GM sells more cars in China than in U.S.

By The Associated Press

LOS ANGELES – General Motors Co. sold more vehicles in China than it did in the U.S. last year, marking the first time a foreign market has outpaced the automaker’s domestic sales in its 102-year history.
“This is the wave of the future,” said George Magliano, an economist at IHS Automotive. “The Chinese market is going to grow faster than the U.S., and it will continue to be this way.”
GM’s sales in China rose 28.8 percent last year to 2,351,610 vehicles, GM said Monday. U.S. sales rose just 6.3 percent to 2,215,227, in part because of the slow economy and GM’s closure or sale of the Saturn, Pontiac, Hummer and Saab brands as part of its financial restructuring.
Brazil was the next-largest market for the automaker with sales of 657,825, a 10.4 percent increase. Overall, GM’s global sales rose 12.2 percent to 8,389,769 vehicles last year.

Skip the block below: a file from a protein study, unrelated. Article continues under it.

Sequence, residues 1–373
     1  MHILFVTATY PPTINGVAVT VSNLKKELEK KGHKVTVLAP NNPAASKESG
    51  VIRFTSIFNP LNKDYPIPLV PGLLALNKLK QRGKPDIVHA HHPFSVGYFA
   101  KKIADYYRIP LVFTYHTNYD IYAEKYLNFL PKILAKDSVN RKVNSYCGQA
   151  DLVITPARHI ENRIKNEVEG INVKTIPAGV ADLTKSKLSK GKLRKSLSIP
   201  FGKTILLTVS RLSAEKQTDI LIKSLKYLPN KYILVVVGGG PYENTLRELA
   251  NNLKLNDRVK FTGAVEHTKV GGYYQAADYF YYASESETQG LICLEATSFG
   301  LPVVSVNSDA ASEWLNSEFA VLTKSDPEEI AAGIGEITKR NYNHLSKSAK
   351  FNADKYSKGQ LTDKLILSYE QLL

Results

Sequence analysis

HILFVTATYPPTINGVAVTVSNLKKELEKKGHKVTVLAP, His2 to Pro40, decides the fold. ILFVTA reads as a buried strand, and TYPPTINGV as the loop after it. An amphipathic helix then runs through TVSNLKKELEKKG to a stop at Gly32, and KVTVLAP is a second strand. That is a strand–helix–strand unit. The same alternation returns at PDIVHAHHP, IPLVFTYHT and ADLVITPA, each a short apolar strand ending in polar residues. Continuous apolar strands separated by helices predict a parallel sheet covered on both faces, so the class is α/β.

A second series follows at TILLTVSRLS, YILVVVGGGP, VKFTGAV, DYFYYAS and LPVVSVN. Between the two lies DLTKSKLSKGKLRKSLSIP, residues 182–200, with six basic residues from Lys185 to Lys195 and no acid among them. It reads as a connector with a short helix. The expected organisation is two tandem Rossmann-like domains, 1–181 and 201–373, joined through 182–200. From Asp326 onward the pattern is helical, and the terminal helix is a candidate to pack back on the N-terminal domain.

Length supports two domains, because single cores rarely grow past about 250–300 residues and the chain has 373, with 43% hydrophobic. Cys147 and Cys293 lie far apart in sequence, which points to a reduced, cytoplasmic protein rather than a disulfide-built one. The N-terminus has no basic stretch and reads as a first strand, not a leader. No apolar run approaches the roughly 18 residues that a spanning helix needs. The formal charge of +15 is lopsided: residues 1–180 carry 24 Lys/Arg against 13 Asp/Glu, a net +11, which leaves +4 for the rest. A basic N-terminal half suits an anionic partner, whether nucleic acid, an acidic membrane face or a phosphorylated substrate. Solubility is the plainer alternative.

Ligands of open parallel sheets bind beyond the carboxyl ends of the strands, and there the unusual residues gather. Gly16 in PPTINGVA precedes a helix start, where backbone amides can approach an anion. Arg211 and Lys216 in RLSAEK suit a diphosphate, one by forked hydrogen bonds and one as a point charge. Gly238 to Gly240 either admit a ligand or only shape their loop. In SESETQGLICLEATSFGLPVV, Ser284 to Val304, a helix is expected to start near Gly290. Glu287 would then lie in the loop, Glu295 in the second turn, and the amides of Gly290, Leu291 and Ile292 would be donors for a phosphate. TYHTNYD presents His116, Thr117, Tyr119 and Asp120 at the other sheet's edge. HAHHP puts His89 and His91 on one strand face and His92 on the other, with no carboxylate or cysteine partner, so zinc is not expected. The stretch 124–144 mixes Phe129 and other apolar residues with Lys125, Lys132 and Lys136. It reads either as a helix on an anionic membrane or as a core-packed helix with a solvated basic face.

Business also is turning up in America, GM said. The automaker announced Monday that it planned to add a third shift at its factory in Flint, Mich., a move that will generate 750 jobs. The plant makes the Chevrolet Silverado and GMC Sierra heavy-duty pickups.
The shift is expected to start in the third quarter, with employees starting to work in the second quarter.
Despite its bankruptcy reorganization in 2009 and efforts to turn around the American market, GM remains one of the best-positioned automakers in emerging markets, Magliano said.
“GM took the big risk moving into China with Buick some years ago, but now its global footprint is actually better than even Toyota’s,” he said. “Ford has made some good moves, but they are still trying to catch up in emerging markets.”
GM recently announced that it expected to export about $900 million in vehicles and components to China over the next two years.
GM does not accrue the same benefit from a sale in China as it does from a sale in the U.S. because its business there is split with three joint-venture partners.

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